The human brain senses and responds to changes in Earth’s magnetic field—a sense known as magnetoreception.
The Earth’s magnetic field is what causes a compass to point north, with the pin being drawn to the magnetic North Pole. This pole is, however, constantly moving. At the moment it is moving from Canada towards Siberia at an unexpectedly fast pace—something scientists are currently working to understand.
Being able to use the magnetic field to navigate is a phenomenon found across the animal kingdom. Migratory birds and sea turtles, for example, use it as part of their internal navigation systems to travel vast distances across the globe.
However, research into magnetoreception in humans has been limited. “Birds, bees, fish, bats, moles and many other animals have been shown in study after study to have a navigational magnetic sense,” Caltech’s Joseph Kirschvink told Newsweek. “In other words, they use the Earth’s magnetic field as a means of gaining information about what direction they are moving or pointed in—much like [how] humans have used the setting and rising Sun and the stars at night to orient themselves.
“Given the ubiquity of organisms that have some form of a magnetic sense, the absence of such a sense in humans would be more surprising than its presence. That said, past attempts to demonstrate the presence of a magnetic sense in humans have failed the critical ‘acid test’ of science; these studies could not be replicated.”
The problem with testing magnetoreception in humans, Kirschvink said, is the experimental conditions involved. There are too many variables involved that could affect the results. For example, in some experiments, participants were blindfolded and transported to another location, then asked to point in the direction they came from. “Such studies lacked the necessary rigorous experimental controls,” he said. “Volunteers could consciously or unconsciously gain information about their surroundings and orientation by information other than the magnetic field and thus either knowingly or unknowingly ‘cheat.’”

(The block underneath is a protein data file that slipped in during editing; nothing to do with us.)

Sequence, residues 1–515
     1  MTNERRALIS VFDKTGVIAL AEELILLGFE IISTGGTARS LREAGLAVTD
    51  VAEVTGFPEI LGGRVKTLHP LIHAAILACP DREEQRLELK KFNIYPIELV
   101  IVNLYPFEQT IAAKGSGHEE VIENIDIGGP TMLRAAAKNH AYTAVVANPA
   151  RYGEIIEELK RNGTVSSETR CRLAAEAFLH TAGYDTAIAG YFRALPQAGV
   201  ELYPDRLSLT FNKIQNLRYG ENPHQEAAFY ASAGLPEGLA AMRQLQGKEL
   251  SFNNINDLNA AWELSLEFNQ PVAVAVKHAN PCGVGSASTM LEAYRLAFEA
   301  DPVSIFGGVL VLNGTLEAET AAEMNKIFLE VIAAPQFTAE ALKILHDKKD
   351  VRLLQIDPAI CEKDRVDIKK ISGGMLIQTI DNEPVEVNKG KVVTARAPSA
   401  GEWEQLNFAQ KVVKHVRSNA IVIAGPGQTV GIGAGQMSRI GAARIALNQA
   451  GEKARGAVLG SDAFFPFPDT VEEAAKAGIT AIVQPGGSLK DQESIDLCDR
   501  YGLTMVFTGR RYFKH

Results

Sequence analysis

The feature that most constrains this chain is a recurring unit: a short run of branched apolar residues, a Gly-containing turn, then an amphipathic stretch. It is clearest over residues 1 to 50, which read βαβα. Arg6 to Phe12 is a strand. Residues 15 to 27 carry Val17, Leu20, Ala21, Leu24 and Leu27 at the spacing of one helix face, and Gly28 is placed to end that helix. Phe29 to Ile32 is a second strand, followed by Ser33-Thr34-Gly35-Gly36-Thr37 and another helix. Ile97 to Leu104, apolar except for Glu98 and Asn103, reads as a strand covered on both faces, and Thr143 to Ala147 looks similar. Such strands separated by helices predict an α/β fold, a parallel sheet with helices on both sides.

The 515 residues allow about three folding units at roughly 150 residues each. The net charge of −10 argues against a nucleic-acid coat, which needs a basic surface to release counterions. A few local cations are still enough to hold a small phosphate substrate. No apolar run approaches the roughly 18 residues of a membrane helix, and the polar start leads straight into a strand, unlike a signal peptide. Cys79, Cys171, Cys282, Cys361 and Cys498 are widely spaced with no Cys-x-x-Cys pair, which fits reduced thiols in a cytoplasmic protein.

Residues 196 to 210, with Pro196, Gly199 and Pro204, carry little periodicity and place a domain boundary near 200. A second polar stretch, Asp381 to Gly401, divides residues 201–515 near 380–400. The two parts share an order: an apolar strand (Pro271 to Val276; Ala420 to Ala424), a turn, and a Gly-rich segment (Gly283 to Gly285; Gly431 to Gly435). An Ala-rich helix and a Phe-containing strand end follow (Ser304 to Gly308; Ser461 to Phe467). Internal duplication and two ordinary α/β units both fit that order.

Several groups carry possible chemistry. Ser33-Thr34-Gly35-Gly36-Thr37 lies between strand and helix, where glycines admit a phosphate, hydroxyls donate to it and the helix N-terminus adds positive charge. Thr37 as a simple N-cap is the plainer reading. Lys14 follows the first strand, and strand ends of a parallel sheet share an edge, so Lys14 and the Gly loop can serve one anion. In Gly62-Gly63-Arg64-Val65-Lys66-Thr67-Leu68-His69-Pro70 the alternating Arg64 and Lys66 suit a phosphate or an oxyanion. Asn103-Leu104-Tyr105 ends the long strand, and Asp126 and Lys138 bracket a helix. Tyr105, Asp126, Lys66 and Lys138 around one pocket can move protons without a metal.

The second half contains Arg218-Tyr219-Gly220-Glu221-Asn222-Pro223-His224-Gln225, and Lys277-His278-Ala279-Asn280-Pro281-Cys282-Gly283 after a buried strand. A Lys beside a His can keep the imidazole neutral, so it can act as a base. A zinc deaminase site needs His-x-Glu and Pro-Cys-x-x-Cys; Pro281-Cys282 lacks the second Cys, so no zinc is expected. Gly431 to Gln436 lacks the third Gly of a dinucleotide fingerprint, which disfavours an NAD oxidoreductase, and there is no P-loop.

In his latest study, Kirschvink and colleagues from Caltech and the University of Tokyo found evidence to suggest the human brain senses and responds to the Earth’s magnetic field. In a small study—just 18 participants—the team monitored the electrical activity of people’s brains while manipulating the magnetic field. Their findings, published in the journal eNeuro, suggest humans do have magnetoreception.
“Unlike behavioral experiments, which are difficult to adequately constrain, a passive EEG [electroencephalogram] experiment enabled us to introduce multiple controls to not only eliminate non-magnetic sensory confounds and artifacts, but also to conclusively eliminate electrical induction and quantum chemistry as potential avenues by which magnetic field stimuli might enter into the brain,” Kirschvink said. The team found there was a drop in brain activity following short, controlled changes to the direction of the magnetic field around the participant.
Far more research is needed to understand magnetoreception in humans. For example, findings only related to people living in the Northern Hemisphere, where the experiment took place. “What happens in the Southern Hemisphere? Do people who were born and raised there respond to the upwards magnetic fields, in contrast to Northerners who are used to the field pointing downwards? And what happens on the geomagnetic equator in places like Palau, or in space?” Kirschvink said.
“There are many things we need to do. Because we now know that the magnetic sensory system that our distant ancestors used was not lost completely, we might be able to find ways to bring it into conscious awareness.”